June 2017
Volume 58, Issue 8
Open Access
ARVO Annual Meeting Abstract  |   June 2017
A Quantitative Analysis of Medicare Payment and Retina Procedural and Surgical Volume from 2005 to 2009
Author Affiliations & Notes
  • Dan Gong
    Ophthalmology, Columbia University, New York, New York, United States
  • Jessica Maslin
    Ophthalmology, USC Keck School of Medicine, Los Angeles, California, United States
  • Ji Liu
    Ophthalmology, Yale University School of Medicine, New Haven, Connecticut, United States
  • James C Tsai
    New York Eye and Ear Infirmary of Mount Sinai, New York, New York, United States
  • Christopher Teng
    Ophthalmology, Yale University School of Medicine, New Haven, Connecticut, United States
  • Footnotes
    Commercial Relationships   Dan Gong, None; Jessica Maslin, None; Ji Liu, None; James Tsai, None; Christopher Teng, None
  • Footnotes
    Support  None
Investigative Ophthalmology & Visual Science June 2017, Vol.58, 5074. doi:
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      Dan Gong, Jessica Maslin, Ji Liu, James C Tsai, Christopher Teng; A Quantitative Analysis of Medicare Payment and Retina Procedural and Surgical Volume from 2005 to 2009. Invest. Ophthalmol. Vis. Sci. 2017;58(8):5074.

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      © ARVO (1962-2015); The Authors (2016-present)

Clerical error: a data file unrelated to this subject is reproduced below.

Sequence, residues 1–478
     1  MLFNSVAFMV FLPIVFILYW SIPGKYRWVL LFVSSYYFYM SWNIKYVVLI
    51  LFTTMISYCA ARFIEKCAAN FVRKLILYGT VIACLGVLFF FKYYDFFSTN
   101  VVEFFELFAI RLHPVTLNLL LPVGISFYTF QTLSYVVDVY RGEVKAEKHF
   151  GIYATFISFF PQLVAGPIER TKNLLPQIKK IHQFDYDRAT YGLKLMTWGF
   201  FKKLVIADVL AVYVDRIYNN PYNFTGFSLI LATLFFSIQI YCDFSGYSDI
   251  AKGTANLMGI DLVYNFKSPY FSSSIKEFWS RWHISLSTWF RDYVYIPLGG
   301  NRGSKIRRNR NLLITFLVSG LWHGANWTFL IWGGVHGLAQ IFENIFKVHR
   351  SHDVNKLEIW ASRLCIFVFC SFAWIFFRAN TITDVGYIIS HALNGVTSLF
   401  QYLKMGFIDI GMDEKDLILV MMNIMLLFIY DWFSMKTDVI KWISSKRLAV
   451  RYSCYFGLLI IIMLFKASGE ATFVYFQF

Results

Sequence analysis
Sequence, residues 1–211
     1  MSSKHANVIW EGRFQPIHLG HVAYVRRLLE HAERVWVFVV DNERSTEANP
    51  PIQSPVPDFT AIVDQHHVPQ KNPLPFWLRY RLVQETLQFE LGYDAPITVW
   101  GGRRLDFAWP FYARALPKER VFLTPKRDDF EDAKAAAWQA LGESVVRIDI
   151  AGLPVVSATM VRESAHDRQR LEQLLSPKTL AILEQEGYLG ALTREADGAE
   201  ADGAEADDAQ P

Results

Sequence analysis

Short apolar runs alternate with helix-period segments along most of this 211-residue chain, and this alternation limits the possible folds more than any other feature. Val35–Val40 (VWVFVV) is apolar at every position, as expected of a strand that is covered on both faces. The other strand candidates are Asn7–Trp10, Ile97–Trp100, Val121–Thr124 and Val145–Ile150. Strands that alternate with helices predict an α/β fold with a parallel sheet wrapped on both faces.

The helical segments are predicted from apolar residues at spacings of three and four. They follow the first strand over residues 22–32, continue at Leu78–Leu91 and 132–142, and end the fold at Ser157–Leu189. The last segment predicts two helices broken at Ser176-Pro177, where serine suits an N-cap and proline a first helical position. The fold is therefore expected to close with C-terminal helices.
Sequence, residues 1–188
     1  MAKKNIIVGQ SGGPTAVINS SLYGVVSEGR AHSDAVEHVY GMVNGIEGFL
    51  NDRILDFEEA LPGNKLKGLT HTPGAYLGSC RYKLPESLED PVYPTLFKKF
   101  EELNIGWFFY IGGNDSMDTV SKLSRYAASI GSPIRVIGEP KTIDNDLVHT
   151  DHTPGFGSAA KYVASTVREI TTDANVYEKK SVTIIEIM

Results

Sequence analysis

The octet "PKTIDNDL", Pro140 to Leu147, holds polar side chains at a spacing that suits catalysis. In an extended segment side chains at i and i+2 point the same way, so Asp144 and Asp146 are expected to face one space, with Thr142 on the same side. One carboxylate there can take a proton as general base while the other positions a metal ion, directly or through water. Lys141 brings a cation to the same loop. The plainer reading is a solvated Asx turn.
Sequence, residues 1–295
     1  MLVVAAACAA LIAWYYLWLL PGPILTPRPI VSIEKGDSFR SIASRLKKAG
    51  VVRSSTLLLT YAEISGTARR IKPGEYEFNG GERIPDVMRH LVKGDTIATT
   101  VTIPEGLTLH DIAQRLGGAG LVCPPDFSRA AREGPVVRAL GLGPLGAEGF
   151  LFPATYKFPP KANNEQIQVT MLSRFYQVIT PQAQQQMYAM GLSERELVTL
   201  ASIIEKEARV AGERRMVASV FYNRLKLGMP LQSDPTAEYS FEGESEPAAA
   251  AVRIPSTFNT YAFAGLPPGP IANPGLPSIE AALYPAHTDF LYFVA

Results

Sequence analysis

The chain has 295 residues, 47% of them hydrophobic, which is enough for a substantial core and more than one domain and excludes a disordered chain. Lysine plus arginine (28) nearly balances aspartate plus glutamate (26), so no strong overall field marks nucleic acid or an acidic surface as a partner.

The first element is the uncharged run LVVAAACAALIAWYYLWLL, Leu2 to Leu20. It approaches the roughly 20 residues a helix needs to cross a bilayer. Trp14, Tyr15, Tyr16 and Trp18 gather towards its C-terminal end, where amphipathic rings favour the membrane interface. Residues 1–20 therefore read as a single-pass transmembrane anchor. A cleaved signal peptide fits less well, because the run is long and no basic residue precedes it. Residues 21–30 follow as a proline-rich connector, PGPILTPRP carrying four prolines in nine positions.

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Abstract

Purpose : Previous research has shown that there is no significant association between Medicare payment and procedural volume for intravitreal injection and retinal laser procedures. However, this relationship has not been studied for other retina procedures and surgeries. In a retrospective, longitudinal database study, we analyzed this payment-volume relationship for four commonly performed retina procedures and surgeries: mechanical vitrectomy with pars plana approach (CPT 67036), vitrectomy with endolaser panretinal photocoagulation (CPT 67040), retinal detachment prophylaxis with photocoagulation (CPT 67145), and photodynamic therapy (CPT 67221).

Methods : Payment data was collected from the Medicare Physician Fee Schedule from 2005 to 2009, and volume data was collected from the Medicare Part B Carrier Summary Data Files. Using a fixed effects regression model with Medicare Part B carrier and years as the unit of analysis, we calculated the Medicare payment-service volume elasticity, defined as the percent change in Medicare service volume per 1% change in Medicare payment, for the four retina procedures and surgeries by controlling for stable carrier-specific characteristics and national trends in procedural and surgical volume. All analyses also adjusted for inflation and controlled for Medicare beneficiary population, the number of ophthalmologist per region, and income per capita.

Results : No significant associations were found between Medicare payment and service volume for any of the four retina procedures and surgeries. For CPT 67036, elasticity = -1.99 (95% CI [-5.16, 1.17], p = 0.21). For CPT 67040, elasticity = -0.15 (95% CI [-0.54, 0.25], p = 0.46). For CPT 67145, elasticity = 0.18 (95% CI [-0.47, 0.83], p = 0.58). For CPT 67221, elasticity = 0.30 (95% CI [-1.52, 2.12], p = 0.74).

Conclusions : Our study supports previous research finding that there exists no association between Medicare payment and retina service volume. These findings can help guide future projections in Medicare spending for retina procedures and surgeries.

This is an abstract that was submitted for the 2017 ARVO Annual Meeting, held in Baltimore, MD, May 7-11, 2017.

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